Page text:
99 Homes

Of the movies watched over the holidays I did not expect my favorite to be this one. A taut, intelligent script superbly acted that compelled me forward through a gripping tale using one man’s story to shine universal concerns.
The promo says:

“Set amidst the backdrop of the 2008 housing market catastrophe, Dennis Nash, a hard-working and honest man, can’t save his family home despite his best efforts. Thrown to the streets with alarming precision by real estate shark Mike Carver, Dennis, out of work and luck, is given a unique opportunity – to join Carver’s crew and put others through the harrowing ordeal done to him in order to earn back what’s his. ……Director Ramin Bahrani imbues his characters with icy complexity to achieve his compassionate portrait of a man whose integrity has become ensnared within an all-too-relevant American crisis. Bahrani’s provocative character study…explore{s} the ethical dilemma at the heart of man’s struggle to reach higher – by whatever means necessary.”

The thing is-I’ve been looking for a house for us and it has been quite problematic. It’s fixer-uppers only in my price range in the Triangle and the time needed to evaluate these places means they tend to get snatched up, very quickly in front of my eyes, before I can fully assess. Apartments present other sets of problems not the least of which is noise. Dogs alone can be a significant source of it.

Meanwhile, I pull back and realize I’ve been watching this from many angles. I have beloved family and friends underwater on their homes and struggling with the same issues in cities all over the country. All hard-working people and I see others leaving places like Asheville, simply priced-out of an area. I saw a Legislative panel on substance issues, and leading NC Prison officials pointed out something in my heart I know to be true which is that there are plenty of services to help prisoners re-enter (at least in some counties), but to quote them, “We can’t find reasonable housing for them to live in.” This is a huge barrier. Ex-offenders striving to change and transform their lives will work and recover but their income will simply not be high enough to actually get them an apartment in many parts of the Triangle.
As is my wont to do, I read up a bit. Allow me to quote from a couple of well-researched New Yorker articles for some historical perspective:

“One thousand families. That’s how many Americans lost their homes each day at the height of the Great Depression. Franklin Roosevelt’s response to this relentless destruction created the most successful housing finance system in the world, a key to America’s political stability and emergence as an economic power house.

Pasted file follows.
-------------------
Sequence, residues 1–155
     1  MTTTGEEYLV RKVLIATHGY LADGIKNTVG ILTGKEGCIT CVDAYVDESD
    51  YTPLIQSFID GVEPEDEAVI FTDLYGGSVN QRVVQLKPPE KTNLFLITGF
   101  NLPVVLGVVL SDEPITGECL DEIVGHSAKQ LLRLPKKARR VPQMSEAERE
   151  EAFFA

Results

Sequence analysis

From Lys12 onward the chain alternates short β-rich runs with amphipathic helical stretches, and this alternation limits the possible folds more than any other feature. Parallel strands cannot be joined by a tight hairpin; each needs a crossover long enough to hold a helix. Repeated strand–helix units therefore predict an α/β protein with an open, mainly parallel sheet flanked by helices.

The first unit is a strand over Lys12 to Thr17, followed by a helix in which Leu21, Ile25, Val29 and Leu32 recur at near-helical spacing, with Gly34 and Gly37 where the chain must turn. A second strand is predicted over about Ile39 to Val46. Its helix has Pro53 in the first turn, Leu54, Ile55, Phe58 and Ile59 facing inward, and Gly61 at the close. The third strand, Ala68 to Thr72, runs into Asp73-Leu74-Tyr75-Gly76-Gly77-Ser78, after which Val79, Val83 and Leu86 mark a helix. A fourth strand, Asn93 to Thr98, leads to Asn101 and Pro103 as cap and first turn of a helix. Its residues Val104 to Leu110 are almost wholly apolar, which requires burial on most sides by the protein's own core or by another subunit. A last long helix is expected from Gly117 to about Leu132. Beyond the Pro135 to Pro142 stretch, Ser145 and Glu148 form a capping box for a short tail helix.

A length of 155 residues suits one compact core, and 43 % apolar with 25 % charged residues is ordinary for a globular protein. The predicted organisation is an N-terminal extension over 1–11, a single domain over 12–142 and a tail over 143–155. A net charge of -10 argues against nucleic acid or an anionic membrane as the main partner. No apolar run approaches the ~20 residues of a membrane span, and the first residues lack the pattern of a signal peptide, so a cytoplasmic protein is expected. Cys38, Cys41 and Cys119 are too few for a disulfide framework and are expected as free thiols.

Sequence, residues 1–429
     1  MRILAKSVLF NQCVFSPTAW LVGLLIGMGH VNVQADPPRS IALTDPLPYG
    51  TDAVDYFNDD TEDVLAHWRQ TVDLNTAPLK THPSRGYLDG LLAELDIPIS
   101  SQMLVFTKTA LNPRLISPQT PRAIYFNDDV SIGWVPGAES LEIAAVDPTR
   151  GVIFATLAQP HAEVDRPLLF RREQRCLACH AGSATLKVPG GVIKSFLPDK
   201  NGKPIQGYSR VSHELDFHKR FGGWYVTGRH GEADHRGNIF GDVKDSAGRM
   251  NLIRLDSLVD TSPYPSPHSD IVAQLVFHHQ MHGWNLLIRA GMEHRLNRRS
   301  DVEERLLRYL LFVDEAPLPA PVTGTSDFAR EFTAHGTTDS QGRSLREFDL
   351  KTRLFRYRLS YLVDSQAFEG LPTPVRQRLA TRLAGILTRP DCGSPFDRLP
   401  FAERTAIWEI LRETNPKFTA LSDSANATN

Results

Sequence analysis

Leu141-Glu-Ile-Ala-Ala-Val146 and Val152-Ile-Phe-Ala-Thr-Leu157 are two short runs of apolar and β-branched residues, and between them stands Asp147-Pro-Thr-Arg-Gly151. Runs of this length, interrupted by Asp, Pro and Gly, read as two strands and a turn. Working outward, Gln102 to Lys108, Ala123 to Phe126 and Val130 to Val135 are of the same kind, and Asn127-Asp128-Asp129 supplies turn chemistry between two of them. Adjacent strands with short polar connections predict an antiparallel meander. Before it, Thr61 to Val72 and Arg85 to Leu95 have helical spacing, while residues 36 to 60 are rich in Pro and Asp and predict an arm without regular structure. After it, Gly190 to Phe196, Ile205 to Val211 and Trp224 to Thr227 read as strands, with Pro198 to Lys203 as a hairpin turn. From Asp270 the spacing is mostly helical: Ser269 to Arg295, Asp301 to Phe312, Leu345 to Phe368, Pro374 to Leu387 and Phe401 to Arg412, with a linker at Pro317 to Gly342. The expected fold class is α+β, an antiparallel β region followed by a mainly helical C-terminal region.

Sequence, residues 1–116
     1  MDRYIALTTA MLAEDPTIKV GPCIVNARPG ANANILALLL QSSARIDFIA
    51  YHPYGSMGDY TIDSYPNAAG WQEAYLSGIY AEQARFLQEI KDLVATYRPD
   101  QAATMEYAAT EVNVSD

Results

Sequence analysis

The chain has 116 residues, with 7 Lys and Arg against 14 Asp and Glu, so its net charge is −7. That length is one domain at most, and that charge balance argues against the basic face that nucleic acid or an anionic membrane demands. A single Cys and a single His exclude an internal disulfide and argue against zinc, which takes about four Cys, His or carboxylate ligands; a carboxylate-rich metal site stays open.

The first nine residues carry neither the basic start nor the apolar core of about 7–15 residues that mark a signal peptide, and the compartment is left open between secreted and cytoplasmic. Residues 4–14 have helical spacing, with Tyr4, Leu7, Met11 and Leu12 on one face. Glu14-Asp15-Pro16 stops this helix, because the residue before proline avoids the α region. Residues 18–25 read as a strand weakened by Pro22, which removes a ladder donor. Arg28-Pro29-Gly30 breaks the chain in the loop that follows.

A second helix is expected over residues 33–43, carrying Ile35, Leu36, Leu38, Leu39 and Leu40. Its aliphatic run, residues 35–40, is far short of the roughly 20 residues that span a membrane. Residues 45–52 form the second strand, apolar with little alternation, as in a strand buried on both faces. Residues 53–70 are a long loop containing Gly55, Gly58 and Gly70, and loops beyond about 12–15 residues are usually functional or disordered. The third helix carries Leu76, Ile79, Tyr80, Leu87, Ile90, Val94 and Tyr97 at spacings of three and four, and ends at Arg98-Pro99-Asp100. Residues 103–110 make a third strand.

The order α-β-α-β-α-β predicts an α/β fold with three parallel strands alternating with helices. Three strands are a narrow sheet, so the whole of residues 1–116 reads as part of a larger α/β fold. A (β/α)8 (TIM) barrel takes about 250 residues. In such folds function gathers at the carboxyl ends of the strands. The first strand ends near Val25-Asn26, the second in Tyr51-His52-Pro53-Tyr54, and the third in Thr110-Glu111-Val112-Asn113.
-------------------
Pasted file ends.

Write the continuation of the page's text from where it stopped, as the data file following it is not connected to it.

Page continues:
To stop foreclosures, the Home Owner’s Loan Corporation (HOLC) bought defaulted mortgages from financial institutions at a discount and sold them back to homeowners. Beginning in 1933, HOLC acquired one million mortgages-one out of five in the country at that time. Eighty percent of HOLC clients saved their homes when they otherwise might have lost them. And once every mortgage was paid off and the program closed, HOLC even turned a small profit.

HOLC gave borrowers a twenty-year mortgage with a fixed interest rate, allowing them to gradually pay off the principal over the life of the loan, a process known as amortization. At the time very few Americans had long-term mortgages.

Even in the most desolate areas of American cities, evictions used to be rare enough to draw crowds. Eviction riots erupted during the Depression, though the number of poor families who faced eviction each year was a fraction of what it is today. In February, 1932, the Times published an account of community resistance to the eviction of three families in the Bronx, observing,

 “Probably because of the cold, the crowd numbered only 1,000.”

These days, evictions are too commonplace to attract attention. There are sheriff squads whose full-time job is to carry out eviction and foreclosure orders. {emphasis mine} Some moving companies specialize in evictions, their crews working all day long, five days a week. Hundreds of data-mining companies sell landlords tenant-screening reports that list past evictions and court filings. Meanwhile, families have watched their incomes stagnate or fall as their housing costs have soared. Today, the majority of poor renting families spend more than half their income on housing, and millions of Americans are evicted every year. In Milwaukee, a city of fewer than a hundred and five thousand renter households, landlords legally evict roughly sixteen thousand adults and children each year. As the real-estate market has recovered in the wake of the foreclosure crisis and the ensuing recession, evictions have only increased.

But there are other ways, cheaper and quicker than a court order, to remove a family. Some landlords pay tenants a couple of hundred dollars to leave by the end of the week. Some take off the front door. Nearly half of the forced moves of renting families in Milwaukee are “informal evictions,” which, like many rentals, involve no paperwork, and take place in the shadow of the law. Between 2009 and 2011, more than one in eight Milwaukee renters were displaced involuntarily, whether by formal or informal eviction, landlord foreclosure, or building condemnation. In 2013, nearly the same proportion of poor renting families nationwide was unable to pay all of their rent, and a similar number thought it was likely that they would be evicted soon.